The headline results were good enough in that they were within company guidance [all figures GAAP unless otherwise noted]:
- Total revenues = $4.16B [up 26% YOY]
- Total software revenues = $3.27B [up 23% YOY]
- Software updates and support revenues = $2.01B [up 29% YOY]
- New software license revenues = $1.21B [14% YOY]
- Services revenues = $949mm [41% YOY]
- Operating income = $1.36B
- Operating margin = 32.6%
- EPS [GAAP] = $0.18, EPS [Non GAAP] = $0.22
As always, the devil is in the details and that's where the "underwhelming" descriptor comes into play:
- New software license growth weakens against an easy comparison
- New software license revenues of $1.21B grew just 14% [including 4% positive impact from currency]
- That's a major deceleration from the last two quarters [32% and 28%]
- It's coming off Oracle's weakest Q last year [Q2-06 growth was a meager 9% YOY]
- Application license revenue was light of expectations
- Apps revenue of $340mm grew just 28% YOY compared with Q1 (80% YOY growth)
- Growth slowed despite Q2 being the easiest compare (Oracle apps revenue only grew 24% in Q2-06, but grew 77% or better in each of the other three quarters)
- Excluding Siebel, i-Flex and Portal, apps revenue was $268mm; just 1% YOY growth (and certainly down YOY on a constant currency basis)
- Database license revenue fell back to single digits
- Database license revenues of $867mm represented 9% YOY growth despite coming off a 5% compare last Q2
- This reverses a two quarter trend of double-digit database growth
- Services revenue growth rate the highest in recent memory
- 41% YOY growth in services revenue is the fourth consecutive quarter of accelerating YOY growth
On an Oracle call, it's not just about what you hear, but about what you don't hear...
- In an age of web-based transcripts, a lot of investors no longer listen to live conference calls. That can be a mistake because you lose context. In my view, Larry, Safra and Chuck were clearly less enthusiastic than in recent quarters. Their tone, brevity and level of detail were all markedly lower than in the last two conference calls.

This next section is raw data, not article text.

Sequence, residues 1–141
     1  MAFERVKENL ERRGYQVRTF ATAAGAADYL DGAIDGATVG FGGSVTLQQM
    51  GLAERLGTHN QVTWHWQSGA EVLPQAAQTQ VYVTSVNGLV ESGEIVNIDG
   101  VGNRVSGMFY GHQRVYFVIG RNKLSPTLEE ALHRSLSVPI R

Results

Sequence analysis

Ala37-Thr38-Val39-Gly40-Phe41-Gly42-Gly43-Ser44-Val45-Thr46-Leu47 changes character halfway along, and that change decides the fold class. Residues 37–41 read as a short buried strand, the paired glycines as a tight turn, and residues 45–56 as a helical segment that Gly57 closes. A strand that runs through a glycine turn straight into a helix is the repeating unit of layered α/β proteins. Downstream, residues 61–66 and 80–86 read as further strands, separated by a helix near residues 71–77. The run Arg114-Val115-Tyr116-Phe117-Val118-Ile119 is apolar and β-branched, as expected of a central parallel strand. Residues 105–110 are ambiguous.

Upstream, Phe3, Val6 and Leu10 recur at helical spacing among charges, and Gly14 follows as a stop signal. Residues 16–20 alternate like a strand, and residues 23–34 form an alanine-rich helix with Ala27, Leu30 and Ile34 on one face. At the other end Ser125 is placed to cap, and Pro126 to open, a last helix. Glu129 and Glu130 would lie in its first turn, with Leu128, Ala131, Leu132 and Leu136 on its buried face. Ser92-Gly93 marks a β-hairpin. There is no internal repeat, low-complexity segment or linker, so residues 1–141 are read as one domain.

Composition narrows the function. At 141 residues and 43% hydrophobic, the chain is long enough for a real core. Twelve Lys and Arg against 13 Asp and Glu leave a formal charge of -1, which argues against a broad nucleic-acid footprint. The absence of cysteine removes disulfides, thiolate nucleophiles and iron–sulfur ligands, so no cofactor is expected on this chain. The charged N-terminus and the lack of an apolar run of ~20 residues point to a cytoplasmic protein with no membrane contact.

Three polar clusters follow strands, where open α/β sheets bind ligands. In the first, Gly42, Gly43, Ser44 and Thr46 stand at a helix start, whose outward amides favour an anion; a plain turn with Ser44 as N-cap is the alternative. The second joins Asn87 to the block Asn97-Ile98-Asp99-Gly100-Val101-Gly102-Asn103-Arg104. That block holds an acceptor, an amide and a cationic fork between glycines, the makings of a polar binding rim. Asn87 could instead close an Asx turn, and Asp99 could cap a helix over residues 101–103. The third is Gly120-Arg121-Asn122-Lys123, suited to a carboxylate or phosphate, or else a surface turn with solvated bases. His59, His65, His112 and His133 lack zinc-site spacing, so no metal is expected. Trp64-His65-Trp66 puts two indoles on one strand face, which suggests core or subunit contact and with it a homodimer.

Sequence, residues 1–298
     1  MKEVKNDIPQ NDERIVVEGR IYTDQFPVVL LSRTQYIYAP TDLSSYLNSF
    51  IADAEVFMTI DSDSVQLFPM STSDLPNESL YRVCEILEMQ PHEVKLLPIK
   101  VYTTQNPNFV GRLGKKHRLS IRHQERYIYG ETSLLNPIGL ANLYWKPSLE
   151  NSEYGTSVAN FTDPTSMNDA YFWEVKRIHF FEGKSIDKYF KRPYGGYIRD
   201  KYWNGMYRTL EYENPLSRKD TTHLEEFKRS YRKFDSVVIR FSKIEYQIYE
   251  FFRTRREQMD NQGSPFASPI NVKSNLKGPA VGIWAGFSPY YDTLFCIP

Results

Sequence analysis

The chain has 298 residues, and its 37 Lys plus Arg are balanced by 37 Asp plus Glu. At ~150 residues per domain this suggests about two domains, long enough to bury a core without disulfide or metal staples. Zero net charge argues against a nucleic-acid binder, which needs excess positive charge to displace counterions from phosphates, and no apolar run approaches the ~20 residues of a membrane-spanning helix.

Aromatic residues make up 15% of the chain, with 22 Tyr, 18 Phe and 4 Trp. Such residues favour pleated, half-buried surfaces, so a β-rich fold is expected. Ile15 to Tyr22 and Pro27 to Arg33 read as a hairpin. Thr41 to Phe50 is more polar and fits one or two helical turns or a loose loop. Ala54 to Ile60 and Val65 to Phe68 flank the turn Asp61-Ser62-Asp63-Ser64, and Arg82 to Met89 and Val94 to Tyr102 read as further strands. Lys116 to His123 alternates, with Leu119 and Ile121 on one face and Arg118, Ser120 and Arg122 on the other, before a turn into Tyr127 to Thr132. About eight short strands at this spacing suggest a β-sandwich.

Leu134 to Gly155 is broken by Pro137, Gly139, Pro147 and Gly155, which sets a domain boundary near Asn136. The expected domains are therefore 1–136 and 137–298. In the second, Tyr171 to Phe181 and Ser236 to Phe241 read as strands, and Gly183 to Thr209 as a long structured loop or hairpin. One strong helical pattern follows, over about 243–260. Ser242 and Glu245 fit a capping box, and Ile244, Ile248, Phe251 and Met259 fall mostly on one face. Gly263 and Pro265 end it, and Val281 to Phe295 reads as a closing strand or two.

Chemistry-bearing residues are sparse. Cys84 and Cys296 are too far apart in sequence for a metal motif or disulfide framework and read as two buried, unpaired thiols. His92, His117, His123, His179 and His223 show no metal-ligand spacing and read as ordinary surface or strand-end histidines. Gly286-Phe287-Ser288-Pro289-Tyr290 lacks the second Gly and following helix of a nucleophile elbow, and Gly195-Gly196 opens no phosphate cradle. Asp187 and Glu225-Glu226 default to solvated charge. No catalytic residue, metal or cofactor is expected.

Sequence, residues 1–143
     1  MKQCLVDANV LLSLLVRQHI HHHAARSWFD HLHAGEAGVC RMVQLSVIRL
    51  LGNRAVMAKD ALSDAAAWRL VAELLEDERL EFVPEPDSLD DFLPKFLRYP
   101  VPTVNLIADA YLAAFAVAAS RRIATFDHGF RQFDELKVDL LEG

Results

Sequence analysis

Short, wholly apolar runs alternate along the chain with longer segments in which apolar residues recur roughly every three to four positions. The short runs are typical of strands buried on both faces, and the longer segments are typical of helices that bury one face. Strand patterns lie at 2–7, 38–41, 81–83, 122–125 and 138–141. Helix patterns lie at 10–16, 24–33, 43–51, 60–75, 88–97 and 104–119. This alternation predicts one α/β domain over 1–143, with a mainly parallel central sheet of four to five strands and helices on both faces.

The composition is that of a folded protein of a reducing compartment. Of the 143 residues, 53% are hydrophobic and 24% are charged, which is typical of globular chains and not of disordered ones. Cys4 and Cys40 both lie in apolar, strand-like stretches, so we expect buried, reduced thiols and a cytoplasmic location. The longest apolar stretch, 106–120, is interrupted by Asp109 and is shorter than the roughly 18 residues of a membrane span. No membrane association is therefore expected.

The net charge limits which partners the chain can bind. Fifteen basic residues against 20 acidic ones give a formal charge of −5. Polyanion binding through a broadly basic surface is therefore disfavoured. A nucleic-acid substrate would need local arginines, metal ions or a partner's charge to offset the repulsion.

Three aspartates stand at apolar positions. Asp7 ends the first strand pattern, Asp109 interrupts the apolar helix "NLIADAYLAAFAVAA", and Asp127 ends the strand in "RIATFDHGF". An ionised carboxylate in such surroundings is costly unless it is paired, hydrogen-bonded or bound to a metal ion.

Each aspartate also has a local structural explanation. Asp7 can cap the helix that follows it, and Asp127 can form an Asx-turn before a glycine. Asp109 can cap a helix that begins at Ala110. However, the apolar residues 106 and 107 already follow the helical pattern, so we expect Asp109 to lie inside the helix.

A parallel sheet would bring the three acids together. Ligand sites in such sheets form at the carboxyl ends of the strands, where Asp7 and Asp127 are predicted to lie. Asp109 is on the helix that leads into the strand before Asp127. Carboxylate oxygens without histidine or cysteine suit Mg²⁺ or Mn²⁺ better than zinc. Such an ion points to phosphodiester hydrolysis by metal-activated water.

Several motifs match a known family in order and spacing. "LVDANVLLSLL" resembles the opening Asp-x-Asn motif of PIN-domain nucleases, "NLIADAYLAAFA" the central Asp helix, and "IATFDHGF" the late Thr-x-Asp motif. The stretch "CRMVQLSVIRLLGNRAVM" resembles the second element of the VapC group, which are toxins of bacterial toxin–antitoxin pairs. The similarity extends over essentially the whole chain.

- Unbreakable Linux already broken? ...Oracle spent more time talking about Secure Enterprise Search, a product announced in March, than it did Unbreakable Linux, the much ballyhooed Red Hat killer.
- Oracle spent a lot of time detailing its success in the retail vertical versus SAP...specifically, Ellison noted:
But we are actually in a situation now where 8 out of 10 of the largest retailers in North America now use Oracle retail applications, where only one uses SAP, and that one is now also using Oracle retail software.
While that's an impressive data point, it's not a new one. According to Oracle's own website, 8 of the top-10 North American retailers were using Oracle Apps dating back to a Stratascope Report in 2005!
Let's not forget that Oracle's M&A strategy isn't just about gaining market share. All that aside, it's important to understand what Oracle is trying to accomplish. In recent quarters, as Oracle's stock had enjoyed a resurgence, it seems the market has forgotten the method behind Oracle's M&A madness. It's become de rigeur to think Oracle's acquisition strategy is all about fueling market share growth to keep up with SAP. While that's absolutely part of the equation, there are other reasons driving Oracle's strategy including:
- Larry Ellison's belief in the maturation of the software industry -- Ellison was one of the first software industry veterans to acknowledge the maturation of the enterprise software market.
- The value of maintenance revenue streams -- For a long time, license revenues were the key driver of investor sentiment and, coincidentally, multiple growth. But as the industry has matured, the importance of maintenance revenue streams have become more widely recognized and respected. Maintenance revenues are predictable (annual renewals), unbelievably high margin (15%-22% of the initial license fees, without the expense of the initial sale), and sustainable (even mediocre software vendors can sustain 80%+ annual maintenance renewals for years after their license revenue growth ebbs.
- The financial disconnect between software company valuations and present value of future cash flows -- There's a reason LBO firms are buying up software companies at a far faster pace than ever before. They, like Oracle, believe that many companies in the industry are fundamentally misspriced. In most of Oracle's acquisitions, it hopes/believes it's getting strategic value, but at a minimum it's pricing the deals in such a way that financially it makes a lot of sense. Paying 4x-6x EV/maintenance revenues is hardly financially onerous, or risky as long as Oracle is confident in the sustainability of customer renewal rates.
While the fundamental momentum Oracle showed in the last few quarters appears to have ebbed, the financial momentum continues at an impressive rate. Trailing 12-month free cash flow growth grew at a 32% clip (for the 2nd consecutive quarter); after running at a meager 4% clip this time last year. Free cash flow continues to run above net income, as well.
Oracle has plenty left to prove in the second half of fiscal 2007, but let's not pretend that Oracle's financial future is predicated primarily on organic revenue growth. For better or worse, Larry, Safra and Chuck are thinking differently.
Note: At the time of this writing I, and/or funds I maintain discretionary control over, maintained a long equity position in SAP but did not maintain a position (long or short) in BEAS, IBM, ORCL or RHT. We also may, at times, carry derivative options on underlying positions as a hedge.